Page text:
Rock music continued to act as a vehicle for rebellion as it became more defined into what we now recognize as rock today. Chuck Berry’s “Johnny B. Goode” became an instant success in 1958, despite his race, and Berry’s music continued to be discuss a major that was growing in the ‘50s and ‘60s: consumerism. Although rock had its origins in American race problems, rock music began to evolve into a more white genre as Elvis Presley took center stage and the title “The King." As rock and roll grew with the British invasion (featuring the Beatles, the Rolling Stones, and more), instead of becoming a more commercial genre it retained its rebellious nature, although no longer in the context of race relations. Instead, it became more based in white social structures, going against the nuclear family lifestyle that had been the norm during the ‘40s and ‘50s. Additionally, when hippie culture began rising and peaked during the Vietnam War, much of rock music was based in free love, free substances, and harmony. In a time period when gender norms, strict etiquette, and nuclear war were all tied together, rock and roll instead became a fluid idea, which resulted in many genres being created.

What’s interesting about rock music from an outsider’s perspective is that much of the music from the past 30 years or so does not have a lot in common. What makes both Metallica and Fleetwood Mac rock music? Even accepting that subgenres exist makes it difficult to fully understand. While obviously a lot of the genre classification is rooted in instruments, that’s not the whole story. Much of it is that rock music is about rebellion. Even though much pop music today uses the same rock lineup of guitar, bass, drums, occasionally a keyboard, and vocals, it conforms to musical standards already approved by a massive target audience. That is to say, pop music is made with the idea of appealing to a greater number of people. However, rock music is made with the idea of making people question things, question what is right and wrong, and what is ignored in current societal norms.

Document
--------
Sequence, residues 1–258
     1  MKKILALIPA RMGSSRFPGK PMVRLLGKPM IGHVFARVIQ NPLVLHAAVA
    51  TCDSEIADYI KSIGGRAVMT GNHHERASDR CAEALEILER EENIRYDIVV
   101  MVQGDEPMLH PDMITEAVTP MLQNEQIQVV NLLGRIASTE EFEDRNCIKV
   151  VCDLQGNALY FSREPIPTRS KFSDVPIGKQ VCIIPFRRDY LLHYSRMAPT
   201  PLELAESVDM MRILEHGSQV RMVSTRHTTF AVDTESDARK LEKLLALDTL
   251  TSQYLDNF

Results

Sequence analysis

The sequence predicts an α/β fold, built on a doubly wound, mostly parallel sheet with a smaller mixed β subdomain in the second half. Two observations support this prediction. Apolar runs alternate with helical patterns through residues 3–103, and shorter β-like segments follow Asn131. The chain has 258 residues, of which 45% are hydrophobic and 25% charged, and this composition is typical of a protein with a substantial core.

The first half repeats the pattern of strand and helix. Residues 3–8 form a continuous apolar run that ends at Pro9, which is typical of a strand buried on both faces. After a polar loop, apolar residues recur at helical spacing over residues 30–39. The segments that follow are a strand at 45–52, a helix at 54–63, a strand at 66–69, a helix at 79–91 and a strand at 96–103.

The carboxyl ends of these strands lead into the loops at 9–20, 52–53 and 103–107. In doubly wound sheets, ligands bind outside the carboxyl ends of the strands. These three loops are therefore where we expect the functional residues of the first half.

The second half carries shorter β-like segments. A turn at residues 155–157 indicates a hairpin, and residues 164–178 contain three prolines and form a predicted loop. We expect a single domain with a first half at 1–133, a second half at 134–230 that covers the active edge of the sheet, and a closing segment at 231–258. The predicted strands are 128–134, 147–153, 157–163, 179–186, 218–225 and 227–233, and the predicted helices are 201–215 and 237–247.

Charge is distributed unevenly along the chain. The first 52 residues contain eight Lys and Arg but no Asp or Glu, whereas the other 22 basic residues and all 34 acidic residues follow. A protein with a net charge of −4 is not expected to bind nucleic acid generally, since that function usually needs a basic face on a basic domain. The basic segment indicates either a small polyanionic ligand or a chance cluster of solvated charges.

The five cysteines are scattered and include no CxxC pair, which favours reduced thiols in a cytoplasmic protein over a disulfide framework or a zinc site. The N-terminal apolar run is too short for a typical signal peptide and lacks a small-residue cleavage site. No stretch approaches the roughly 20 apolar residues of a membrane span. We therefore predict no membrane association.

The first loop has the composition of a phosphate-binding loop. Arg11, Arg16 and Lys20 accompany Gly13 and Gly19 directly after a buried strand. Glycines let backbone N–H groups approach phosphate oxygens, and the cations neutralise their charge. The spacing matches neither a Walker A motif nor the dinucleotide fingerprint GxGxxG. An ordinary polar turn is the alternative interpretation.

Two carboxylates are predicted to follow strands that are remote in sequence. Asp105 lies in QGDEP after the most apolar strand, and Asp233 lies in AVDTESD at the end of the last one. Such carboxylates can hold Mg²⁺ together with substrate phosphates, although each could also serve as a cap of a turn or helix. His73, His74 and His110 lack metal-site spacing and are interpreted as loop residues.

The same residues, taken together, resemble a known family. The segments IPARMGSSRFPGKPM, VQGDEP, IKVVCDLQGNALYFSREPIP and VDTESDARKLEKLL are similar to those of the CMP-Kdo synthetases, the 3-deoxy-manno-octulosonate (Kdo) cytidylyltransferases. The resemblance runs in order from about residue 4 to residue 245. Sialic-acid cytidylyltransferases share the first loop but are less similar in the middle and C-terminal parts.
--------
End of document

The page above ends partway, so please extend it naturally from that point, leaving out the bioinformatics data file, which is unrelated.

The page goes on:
Rock music has always been about rebellion. Continuing through the ‘70s, the Sex Pistols began to draw more political ideology into rock music with their songs “Anarchy in the U.K.” and “God Save the Queen”, sending anarchist and anti-monarchy messages out to other rock fans. The ‘80s were filled with hair metal band after hair metal band fighting against gender norms following the second wave of feminism in the ‘70s. It was during these two decades that women began to lead more and more bands. Stevie Nicks of Fleetwood Mac became a star, Joan Jett became an icon, and the metal band Girlschool was formed, challenging the idea that rock music was a man’s outlet for bad behavior. In the ‘90s, rock music became increasingly more political with the grunge scene placing the problems of Generation X front and center. And the band Rage Against the Machine was formed.